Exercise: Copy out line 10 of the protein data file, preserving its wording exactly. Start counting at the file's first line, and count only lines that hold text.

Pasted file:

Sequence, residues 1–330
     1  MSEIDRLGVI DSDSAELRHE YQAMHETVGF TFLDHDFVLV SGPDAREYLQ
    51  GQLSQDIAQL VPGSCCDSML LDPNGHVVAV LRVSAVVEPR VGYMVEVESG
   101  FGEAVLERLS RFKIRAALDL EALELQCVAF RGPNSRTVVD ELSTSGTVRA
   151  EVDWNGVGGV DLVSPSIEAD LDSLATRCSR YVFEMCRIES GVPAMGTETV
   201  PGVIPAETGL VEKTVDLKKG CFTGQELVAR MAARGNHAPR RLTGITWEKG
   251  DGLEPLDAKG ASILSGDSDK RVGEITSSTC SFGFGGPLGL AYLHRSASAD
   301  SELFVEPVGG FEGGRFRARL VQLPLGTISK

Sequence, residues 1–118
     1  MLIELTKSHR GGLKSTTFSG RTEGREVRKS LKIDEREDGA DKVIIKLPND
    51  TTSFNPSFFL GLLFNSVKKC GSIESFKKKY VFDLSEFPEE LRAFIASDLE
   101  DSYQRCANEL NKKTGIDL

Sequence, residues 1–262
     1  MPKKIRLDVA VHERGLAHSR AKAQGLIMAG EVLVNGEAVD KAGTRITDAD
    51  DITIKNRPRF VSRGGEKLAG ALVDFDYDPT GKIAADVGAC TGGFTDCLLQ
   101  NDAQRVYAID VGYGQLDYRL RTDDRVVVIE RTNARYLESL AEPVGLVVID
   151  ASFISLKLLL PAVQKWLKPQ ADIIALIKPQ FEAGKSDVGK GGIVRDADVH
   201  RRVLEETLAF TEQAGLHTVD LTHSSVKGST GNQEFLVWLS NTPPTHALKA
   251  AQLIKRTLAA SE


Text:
     1  MLIELTKSHR GGLKSTTFSG RTEGREVRKS LKIDEREDGA DKVIIKLPND